By David Gardiner, President and Principal

The election of Joseph Biden as the next President changes the federal landscape on climate change policy significantly. And, while there are many reasons to be pessimistic that a closely divided Congress will be gridlocked on many issues, regardless of the outcome of the elections in Georgia, I share the views of Chamber of Commerce Executive Vice President and Chief Policy Officer Neil Bradley who recently told reporters “I have no doubt this is going to be high on the priority list for Congress to begin addressing, and for an administration to address in different forms and fashion. It could be that it doesn’t take the form of one kind of comprehensive omnibus package. Instead … it becomes an element that is embedded in infrastructure.”

To help corporate sustainability officers understand this new landscape, David Gardiner and Associates (DGA) analyzed not only President-elect Biden’s plan, but also those that have been proposed or introduced by Democratic congressional leaders. Our new report, “Federal Climate Legislation: An Overview of Policies Beneficial to Achieving Corporate Sustainability Goals,” finds that these proposals:

  • Span all business sectors, including power, transportation, industry and buildings and, thus, have potential to assist companies in meeting their own corporate climate goals as well as the nation’s.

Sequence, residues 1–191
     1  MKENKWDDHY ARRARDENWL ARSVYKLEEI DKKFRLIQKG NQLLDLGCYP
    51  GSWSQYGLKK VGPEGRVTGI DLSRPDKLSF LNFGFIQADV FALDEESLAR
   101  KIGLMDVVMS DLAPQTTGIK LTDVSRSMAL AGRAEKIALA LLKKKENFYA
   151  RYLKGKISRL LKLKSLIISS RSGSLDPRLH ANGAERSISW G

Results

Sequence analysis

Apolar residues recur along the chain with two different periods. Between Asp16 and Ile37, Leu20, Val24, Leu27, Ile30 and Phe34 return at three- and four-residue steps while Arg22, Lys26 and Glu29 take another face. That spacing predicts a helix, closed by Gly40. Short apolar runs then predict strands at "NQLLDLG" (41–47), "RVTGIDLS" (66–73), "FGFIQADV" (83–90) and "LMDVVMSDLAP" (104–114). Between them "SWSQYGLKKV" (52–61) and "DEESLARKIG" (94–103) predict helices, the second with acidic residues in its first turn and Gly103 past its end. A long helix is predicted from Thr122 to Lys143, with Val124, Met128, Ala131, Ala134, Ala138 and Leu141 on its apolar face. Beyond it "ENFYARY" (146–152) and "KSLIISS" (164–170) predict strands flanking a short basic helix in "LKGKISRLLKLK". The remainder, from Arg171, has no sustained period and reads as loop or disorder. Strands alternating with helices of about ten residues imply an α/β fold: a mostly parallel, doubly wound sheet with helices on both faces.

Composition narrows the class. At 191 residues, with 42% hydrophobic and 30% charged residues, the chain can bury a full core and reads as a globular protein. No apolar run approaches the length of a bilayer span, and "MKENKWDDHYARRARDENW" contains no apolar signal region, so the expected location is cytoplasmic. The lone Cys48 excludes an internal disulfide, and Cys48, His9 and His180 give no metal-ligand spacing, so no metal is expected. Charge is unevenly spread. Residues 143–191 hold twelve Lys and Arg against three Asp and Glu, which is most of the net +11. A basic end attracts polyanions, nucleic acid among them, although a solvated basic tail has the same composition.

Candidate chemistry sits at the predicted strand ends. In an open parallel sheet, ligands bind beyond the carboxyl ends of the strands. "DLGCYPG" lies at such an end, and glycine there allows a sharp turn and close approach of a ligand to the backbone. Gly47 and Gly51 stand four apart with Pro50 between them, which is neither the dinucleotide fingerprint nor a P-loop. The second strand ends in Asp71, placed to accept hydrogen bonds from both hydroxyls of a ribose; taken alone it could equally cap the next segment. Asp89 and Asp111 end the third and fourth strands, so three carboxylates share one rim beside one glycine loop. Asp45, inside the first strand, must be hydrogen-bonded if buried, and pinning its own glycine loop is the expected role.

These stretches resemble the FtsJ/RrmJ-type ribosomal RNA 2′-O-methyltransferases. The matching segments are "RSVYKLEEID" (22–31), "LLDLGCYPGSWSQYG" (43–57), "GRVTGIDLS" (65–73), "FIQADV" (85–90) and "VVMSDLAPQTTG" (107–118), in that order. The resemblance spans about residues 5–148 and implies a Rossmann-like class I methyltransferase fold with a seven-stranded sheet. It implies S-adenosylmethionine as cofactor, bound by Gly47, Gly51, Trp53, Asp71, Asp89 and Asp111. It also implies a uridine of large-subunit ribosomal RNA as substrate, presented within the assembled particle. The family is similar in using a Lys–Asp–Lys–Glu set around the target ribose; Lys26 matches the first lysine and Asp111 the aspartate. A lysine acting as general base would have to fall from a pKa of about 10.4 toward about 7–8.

• Include comprehensive proposals which aim to reduce carbon emissions across multiple sectors, as well as initiatives targeted at single sectors.
  • Use a variety of policy tools to help reduce carbon emissions, including tax incentives, emission and efficiency standards, grants and other federal spending, and direction on new planning directives or policies.
  • Focus considerably on expanding infrastructure to develop, produce, transmit and use clean energy.

Our report aims to take a first step to clarify and make sense of this dizzying array of policy proposals and the complex landscape. We would urge every corporate sustainability leader to explore this new landscape and identify the measures which could help you achieve your climate and clean energy goals.

Of course, none of us knows whether the President and Congress can come together on any of these policies. But corporate leaders should understand which ones could make a difference and push for agreement on the policies which can help corporate America reach its goals as rapidly as possible, while also helping to stimulate the economy.

And, as the Chamber’s Neil Bradley suggests, a good starting point will be to look for opportunities to help bring all political leaders together on infrastructure proposals, such as the $287 billion highway bill, S.2302, which includes climate and water provisions and was unanimously adopted by the Senate Environment and Public Works Committee, and H.R. 2, the

House Democrats’ $1.5 trillion infrastructure package, which contains investments for renewable power, charging and fueling infrastructure, transit and much more broadband.

“It’s going to be that type of kind of compromise that reflects both resiliency, connectivity and advancing solutions on climate change, kind of wrapped together,” Bradley said. “That’s where we think the sweet spot is in divided government in the first part of next year.”

Read DGA’s new report, “Federal Climate Legislation: An Overview of Policies Beneficial to Achieving Corporate Sustainability Goals,” here.